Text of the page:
Where’d the Grit and Resilience Go?

How familiar does this sentiment sound? Kids nowadays, they just seem so fragile and lack the grit and resilience of predecessors. What happened? Some may say, “Kids are too coddled” (maybe). Others may say, “The education system (K-12) doesn’t prepare students enough for college and the workforce.” We could list factors for days, but let’s look into two main factors and — most importantly — a solution.

After Effects of the Economic Recession:

Although the economic recession was almost a decade ago, the effects of losing jobs, homes, retirement, and lifestyle changes are partly seen on the current generation of high schoolers. Parents are extra sensitive to making sure their children have the perfect resume for college applications and thus can become overbearing and coddling. Thoughts such as, “Is my kid taking advantage of every opportunity, sports, music, volunteer gig?” are constantly on their mind. As parents perceive an ever-increasing competitive landscape and the margin for error appearing limited, they “take over” for their kids. This has only encouraged more parents to follow suit due to the perceived competitive landscape. The pressure to have a picture-perfect resume can become overwhelming and cause anxiety in not only the parent but also the child. That being said, who can really blame parents for being excessively-concerned for their children? Losing jobs, homes, and security due to the recession can cause such anxiety.

What Do You Mean I Need to be More Resilient?

When a student is told, “You need to be more resilient,” what exactly does that mean? Does that mean, grow a backbone, suck it up, or simply not to take criticism personally? Oftentimes, the case is the latter, but because students often see the word resilient as a synonym for strength, they therefore feel that lacking resilience is a sign of weakness. Students are dealing with increasing prospective college tuition fees, increasing competition, and — unlike previous generations — pressures from social media. Add to the fact that high schoolers are developing their communication skills, the message, “You need to be more resilient” leads to even more inner-turmoil.

The Solution? Positive Thinking Skills.

Let’s face it, academic, extracurricular, and social pressures are at an all-time high. Thus we need to provide a more mentor-like role in assisting kids to alleviate these issues. Simply saying, “Be more resilient, or toughen up” isn’t going to cut it — kids already hear enough words on social media anyway.  Instead, spend time with the kids to learn how to alleviate the stress of demanding classes and tests, the hurtful comments left on their Facebook wall, or simply not feeling good enough.

With these issues in mind, Education Lifeskills has created a Positive Thinking Skills course that help students successfully navigate their teenage years into adulthood. The course addresses many common thinking errors associated with anger, low self-esteem, and self-justification.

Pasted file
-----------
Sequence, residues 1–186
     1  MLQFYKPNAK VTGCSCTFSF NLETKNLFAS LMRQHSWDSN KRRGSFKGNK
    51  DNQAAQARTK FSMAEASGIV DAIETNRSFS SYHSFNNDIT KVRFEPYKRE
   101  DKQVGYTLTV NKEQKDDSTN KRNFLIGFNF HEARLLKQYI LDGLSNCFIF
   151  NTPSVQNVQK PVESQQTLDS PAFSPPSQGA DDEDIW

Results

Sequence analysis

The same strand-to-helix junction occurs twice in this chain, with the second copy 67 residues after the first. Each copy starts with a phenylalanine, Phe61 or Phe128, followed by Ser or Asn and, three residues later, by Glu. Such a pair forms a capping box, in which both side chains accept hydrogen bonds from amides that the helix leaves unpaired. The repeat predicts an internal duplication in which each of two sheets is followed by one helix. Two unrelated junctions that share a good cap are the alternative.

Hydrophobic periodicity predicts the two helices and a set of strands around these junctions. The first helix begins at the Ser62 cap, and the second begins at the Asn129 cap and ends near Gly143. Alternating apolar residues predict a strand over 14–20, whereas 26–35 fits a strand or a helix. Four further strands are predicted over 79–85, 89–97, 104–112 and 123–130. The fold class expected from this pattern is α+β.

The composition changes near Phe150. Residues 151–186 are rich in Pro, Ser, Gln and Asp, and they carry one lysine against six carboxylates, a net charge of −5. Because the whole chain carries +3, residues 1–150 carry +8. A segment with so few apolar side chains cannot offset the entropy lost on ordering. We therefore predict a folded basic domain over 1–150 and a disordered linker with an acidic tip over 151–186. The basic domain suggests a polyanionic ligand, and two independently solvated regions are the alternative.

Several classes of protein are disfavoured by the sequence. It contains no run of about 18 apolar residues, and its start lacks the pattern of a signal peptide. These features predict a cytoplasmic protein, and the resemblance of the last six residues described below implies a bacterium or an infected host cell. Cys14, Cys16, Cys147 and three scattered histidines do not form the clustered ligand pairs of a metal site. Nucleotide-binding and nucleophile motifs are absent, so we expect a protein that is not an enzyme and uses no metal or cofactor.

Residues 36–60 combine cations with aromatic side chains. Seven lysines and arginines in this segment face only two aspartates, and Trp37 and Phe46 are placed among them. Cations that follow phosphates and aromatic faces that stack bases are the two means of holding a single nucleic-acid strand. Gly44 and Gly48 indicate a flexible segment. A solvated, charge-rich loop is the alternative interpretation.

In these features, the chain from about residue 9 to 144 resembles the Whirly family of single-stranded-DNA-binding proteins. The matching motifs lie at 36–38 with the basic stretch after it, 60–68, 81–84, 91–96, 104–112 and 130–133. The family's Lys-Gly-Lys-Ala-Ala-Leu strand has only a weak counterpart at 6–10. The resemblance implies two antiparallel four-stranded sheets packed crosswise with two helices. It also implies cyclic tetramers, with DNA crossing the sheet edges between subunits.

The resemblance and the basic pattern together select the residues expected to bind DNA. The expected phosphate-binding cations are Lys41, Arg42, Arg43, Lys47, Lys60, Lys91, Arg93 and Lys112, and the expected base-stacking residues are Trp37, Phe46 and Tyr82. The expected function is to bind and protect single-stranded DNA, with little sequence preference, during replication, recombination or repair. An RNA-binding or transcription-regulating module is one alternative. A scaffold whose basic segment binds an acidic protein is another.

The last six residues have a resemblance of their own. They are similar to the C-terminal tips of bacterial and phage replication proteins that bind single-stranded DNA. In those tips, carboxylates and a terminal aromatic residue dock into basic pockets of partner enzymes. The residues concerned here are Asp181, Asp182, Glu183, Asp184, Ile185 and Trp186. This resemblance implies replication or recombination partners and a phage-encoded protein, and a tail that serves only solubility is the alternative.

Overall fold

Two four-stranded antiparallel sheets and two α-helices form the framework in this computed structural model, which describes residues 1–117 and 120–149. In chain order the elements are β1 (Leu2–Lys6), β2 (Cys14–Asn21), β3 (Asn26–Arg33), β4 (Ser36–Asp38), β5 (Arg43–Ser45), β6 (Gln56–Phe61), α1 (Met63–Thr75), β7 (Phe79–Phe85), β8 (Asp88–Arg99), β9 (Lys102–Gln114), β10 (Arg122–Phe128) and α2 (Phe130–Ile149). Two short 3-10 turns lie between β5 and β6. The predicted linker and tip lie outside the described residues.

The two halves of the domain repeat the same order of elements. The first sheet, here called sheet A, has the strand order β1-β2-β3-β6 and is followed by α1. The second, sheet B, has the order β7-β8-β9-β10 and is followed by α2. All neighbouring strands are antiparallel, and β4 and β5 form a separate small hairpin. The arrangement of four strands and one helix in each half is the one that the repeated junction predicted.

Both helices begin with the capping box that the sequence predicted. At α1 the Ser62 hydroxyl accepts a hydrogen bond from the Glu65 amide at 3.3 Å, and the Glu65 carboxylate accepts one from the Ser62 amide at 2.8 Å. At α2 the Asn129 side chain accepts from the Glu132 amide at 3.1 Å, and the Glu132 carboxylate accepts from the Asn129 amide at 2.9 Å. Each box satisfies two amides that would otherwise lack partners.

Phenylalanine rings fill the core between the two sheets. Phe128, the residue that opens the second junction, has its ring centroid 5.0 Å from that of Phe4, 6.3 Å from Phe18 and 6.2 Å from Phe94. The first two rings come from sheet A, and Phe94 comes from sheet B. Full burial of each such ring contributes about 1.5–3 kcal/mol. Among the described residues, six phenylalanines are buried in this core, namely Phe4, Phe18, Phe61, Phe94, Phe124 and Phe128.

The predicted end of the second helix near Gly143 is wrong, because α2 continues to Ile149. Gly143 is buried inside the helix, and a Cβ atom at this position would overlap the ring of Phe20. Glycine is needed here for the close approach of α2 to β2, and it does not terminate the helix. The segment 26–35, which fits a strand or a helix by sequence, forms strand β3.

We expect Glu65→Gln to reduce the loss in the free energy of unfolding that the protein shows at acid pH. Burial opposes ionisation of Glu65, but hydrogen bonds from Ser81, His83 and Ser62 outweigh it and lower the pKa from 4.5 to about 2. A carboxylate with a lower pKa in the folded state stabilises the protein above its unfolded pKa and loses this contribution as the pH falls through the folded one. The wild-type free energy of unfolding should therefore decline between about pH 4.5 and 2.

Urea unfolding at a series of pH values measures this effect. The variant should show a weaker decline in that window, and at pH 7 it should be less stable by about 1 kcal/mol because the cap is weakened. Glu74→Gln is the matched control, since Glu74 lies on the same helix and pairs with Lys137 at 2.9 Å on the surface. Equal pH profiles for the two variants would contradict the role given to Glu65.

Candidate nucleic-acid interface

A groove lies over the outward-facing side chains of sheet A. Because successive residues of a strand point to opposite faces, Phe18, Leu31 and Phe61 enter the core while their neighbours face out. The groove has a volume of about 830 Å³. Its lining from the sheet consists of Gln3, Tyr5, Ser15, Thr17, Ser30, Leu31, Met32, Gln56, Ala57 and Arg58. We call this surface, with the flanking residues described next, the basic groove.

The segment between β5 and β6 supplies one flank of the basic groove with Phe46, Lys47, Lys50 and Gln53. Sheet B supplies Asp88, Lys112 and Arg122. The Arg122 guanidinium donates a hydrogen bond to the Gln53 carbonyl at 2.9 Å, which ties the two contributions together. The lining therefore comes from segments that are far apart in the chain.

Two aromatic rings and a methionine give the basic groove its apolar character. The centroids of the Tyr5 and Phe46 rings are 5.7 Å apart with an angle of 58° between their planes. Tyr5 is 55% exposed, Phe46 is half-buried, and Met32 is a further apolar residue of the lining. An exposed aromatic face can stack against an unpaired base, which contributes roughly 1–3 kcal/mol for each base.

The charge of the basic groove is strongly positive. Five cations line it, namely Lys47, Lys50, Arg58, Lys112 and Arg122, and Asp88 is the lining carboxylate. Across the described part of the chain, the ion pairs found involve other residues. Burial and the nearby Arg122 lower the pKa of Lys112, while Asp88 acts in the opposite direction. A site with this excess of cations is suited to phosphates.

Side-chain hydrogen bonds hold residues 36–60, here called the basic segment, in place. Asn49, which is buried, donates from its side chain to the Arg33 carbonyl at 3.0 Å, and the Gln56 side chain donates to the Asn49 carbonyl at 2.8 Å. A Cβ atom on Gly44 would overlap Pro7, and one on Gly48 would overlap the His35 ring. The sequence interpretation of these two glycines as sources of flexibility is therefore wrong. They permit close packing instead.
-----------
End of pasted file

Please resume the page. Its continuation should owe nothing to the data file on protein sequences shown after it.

Infinity – Media Awareness Course: Helping Students Avoid Technology Addictions

Technology can be a good resource or it can turn into an addiction. Today’s students are surrounded by technology in each classroom , it is nearly impossible for a student to avoid the internet on their campus. It has been reported that teenagers are spending, on average, 9 hours a day with some type of media and most of that time is used with some type of screen.

Education Lifeskill’s Infinity – Media Awareness Course helps students increase their awareness and responsibility regarding their personal media consumption. The course addresses gaming addictions, cyber-bullying, social media addiction and the dangers of sexting. The stories and examples in this course put the student at a point of choice through the time-tested technique of cognitive dissonance.

We recognize that students need core curriculum, however, internet and media addictions are limiting today’s students academic and personal success. This is a timely course that is designed for junior high and high school students.

Visit Us At The CEC 2017 Convention In Boston

Education Lifeskills will be attending the CEC Convention & Expo as an exhibitor. This conference will be held between April 19-22 in Boston, MA at the John B Hynes Veterans Memorial Convention Center. We will be located at booth 605 in the exhibit hall and will have both our printed and eLearning courses on display.

This conference brings together educators, providers, policy makers and key stake holders that are focused on increasing outcomes for special needs students. This focus includes those students who exhibit at risk thoughts and behaviors.

Don’t miss this opportunity to connect with us and learn how or 40 years of experience in developing and delivery evidence-based cognitive life skills courses and programs can assist the students at your campus can achieve greater personal and academic success.